Spain and Portugal Wine Pairings

5 fantastic wine pairings with great, regional wines


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Spain and Portugal Wine Pairings It’s funny how people like to stay within their comfort zones. When most of us get into wine, it’s usually a question of French or Italian. As we explore deeper, we are introduced to the wines of Australia, Germany, Napa Valley and Spain. Take it a step further, and you might find yourself sampling wines from South Africa, Austria, Argentina, Chile and Portugal. However, at the end of the day, most wine drinkers find their comfort zones in the regions that they started with. That is a very sad thing.

If I didn’t force myself to explore wine further, I would have never discovered the lace-covered brute force behind Priorat, the depths that a Vintage Port can reach, or the absolutely seductive allure of an old Rioja. Obviously, I’m talking about Spain and Portugal, two regions that have been producing fine wine for centuries. It’s not just about ancient bottles of Port and Rioja either (although they are wonderful), both regions are turning out traditional and modern-styled wines that would tempt a lover of Old World and modern styles alike.

What’s more, they are unique from all other regions. I find that there’s something of a wild core to the wines of Spain, with rich yet structured textures that lend well to foods on the table. Meanwhile, Portugal’s wine industry continues to morph and grow with exciting new wines that are stunning yet have great value. It’s a good time to be drinking wines from Spain and Portugal, and that makes it an even better time to think about what you want to pair with them.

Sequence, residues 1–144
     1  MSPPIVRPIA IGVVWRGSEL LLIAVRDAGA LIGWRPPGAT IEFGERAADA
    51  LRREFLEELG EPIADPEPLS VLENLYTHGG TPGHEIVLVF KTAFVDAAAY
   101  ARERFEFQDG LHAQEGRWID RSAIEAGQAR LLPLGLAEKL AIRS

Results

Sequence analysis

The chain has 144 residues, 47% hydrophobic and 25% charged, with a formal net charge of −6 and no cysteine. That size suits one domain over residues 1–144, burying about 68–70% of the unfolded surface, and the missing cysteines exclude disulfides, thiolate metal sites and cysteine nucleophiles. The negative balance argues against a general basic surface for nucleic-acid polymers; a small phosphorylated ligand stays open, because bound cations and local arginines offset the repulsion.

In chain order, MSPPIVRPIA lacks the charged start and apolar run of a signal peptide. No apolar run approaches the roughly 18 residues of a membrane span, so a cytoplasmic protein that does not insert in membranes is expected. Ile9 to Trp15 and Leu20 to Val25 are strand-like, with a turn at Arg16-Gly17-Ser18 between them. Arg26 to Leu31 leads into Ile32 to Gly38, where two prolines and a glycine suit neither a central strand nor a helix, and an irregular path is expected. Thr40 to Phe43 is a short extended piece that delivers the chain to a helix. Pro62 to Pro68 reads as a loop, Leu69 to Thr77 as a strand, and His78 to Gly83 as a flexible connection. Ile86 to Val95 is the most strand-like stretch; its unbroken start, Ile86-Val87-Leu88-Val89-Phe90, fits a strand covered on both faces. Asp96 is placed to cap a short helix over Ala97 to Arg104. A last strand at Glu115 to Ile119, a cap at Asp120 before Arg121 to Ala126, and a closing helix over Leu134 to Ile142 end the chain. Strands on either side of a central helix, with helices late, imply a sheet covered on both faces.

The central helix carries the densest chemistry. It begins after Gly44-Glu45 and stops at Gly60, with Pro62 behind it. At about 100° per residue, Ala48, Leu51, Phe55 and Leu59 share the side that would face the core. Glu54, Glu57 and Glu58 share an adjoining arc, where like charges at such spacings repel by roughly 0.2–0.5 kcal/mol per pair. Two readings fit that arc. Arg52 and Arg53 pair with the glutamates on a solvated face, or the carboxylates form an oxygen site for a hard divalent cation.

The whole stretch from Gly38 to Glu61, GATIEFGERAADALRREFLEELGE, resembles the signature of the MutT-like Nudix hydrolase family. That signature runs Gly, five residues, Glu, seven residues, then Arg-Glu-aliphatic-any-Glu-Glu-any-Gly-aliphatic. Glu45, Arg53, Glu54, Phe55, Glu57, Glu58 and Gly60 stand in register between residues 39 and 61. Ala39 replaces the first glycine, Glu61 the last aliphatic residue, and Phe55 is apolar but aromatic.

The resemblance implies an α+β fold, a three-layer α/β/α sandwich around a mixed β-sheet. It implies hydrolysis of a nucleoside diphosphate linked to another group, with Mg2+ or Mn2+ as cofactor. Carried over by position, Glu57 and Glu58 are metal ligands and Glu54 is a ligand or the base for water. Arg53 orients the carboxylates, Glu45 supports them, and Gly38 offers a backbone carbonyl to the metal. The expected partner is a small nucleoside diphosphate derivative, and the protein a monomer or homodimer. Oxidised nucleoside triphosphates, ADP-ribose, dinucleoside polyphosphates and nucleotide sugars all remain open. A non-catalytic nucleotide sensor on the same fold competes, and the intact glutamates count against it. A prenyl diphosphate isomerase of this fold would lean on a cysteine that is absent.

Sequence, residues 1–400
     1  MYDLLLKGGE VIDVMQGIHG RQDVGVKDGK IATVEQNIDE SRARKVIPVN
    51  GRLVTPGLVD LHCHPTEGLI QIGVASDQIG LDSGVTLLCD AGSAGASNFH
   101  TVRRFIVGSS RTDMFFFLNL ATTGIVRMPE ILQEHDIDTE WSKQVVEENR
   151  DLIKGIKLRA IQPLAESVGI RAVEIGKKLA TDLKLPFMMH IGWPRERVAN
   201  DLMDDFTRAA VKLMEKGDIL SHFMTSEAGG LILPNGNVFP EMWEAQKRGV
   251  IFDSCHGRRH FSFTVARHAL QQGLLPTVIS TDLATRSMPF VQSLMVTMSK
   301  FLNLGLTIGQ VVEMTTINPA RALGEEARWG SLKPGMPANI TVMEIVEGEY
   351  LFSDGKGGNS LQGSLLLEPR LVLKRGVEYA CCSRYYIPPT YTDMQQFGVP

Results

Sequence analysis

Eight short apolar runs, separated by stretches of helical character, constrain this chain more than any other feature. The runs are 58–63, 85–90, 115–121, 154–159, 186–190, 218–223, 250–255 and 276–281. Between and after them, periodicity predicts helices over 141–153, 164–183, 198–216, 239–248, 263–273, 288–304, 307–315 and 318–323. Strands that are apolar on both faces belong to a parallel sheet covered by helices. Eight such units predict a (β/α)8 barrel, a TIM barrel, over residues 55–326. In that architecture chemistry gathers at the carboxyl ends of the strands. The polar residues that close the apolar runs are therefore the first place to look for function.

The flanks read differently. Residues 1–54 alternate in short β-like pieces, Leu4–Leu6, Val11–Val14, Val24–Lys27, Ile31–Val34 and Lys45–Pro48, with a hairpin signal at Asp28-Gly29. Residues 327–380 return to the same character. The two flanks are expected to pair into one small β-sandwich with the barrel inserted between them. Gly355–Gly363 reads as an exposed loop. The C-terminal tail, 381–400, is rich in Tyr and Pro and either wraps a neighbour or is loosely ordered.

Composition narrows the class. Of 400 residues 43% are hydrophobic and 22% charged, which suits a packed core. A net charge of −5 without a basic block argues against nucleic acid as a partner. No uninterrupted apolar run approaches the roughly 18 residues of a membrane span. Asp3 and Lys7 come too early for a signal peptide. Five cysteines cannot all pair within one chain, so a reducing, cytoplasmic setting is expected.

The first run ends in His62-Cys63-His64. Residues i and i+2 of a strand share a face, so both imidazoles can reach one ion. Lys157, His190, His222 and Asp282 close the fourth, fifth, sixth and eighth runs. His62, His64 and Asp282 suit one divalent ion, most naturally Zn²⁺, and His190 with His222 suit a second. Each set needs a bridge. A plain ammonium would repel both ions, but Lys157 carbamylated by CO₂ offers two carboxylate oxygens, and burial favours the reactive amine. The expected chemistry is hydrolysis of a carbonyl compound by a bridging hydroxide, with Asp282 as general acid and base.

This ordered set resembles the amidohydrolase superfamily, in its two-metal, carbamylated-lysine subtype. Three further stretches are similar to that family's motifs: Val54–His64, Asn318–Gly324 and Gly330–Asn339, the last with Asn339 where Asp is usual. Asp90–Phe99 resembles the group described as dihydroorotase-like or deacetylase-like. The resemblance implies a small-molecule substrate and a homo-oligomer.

Wine and Food image via Shutterstock

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  • Makes me want to get on a plane! Thanks for the great ideas and, as we know, a decent bottle of Cava goes with just about anything!

    Oct 26, 2012 at 3:01 PM

  • Snooth User: SM
    1097030 218

    Another great article Mr. Guido. Yes Spanish is often unknown and overlooked by wine lovers, both amateur and knowledge in comparison to places like Bordeaux, Burgundy, Tuscany, Piemonte, etc. In September I went to a wine party where we had a Dinastia Vivanco Crianza 2008 from Rioja. Right away on the nose you could get dark plums and on the palate vanilla, new oak and dark cherries. But the even more amazing wine was a Rioja blend without any of the 'usual suspects' from Rioja. This was from a producer called Casa Roja and it was a Cabernet Sauvignon, Syrah and Petit Verdot blend with incredible depth, structure and multi-layered. Probably a Rioja that's not so easy to find, but definitely worth the search.


    Solomon Mengeu

    Oct 29, 2012 at 12:37 PM

  • great

    Aug 30, 2013 at 2:59 AM

  • wonderful

    Aug 31, 2013 at 5:06 AM

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